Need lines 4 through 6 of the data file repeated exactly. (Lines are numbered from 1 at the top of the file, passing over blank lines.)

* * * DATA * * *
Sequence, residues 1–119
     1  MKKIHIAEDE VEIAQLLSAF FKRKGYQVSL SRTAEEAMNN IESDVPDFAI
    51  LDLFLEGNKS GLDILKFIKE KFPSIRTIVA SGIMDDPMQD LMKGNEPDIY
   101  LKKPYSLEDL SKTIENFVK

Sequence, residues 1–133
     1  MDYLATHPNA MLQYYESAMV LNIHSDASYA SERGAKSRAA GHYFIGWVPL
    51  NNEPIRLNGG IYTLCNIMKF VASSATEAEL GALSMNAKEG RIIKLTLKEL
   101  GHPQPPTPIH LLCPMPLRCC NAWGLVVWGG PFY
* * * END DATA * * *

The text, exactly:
   101  LKKPYSLEDL SKTIENFVK

Sequence, residues 1–133
     1  MDYLATHPNA MLQYYESAMV LNIHSDASYA SERGAKSRAA GHYFIGWVPL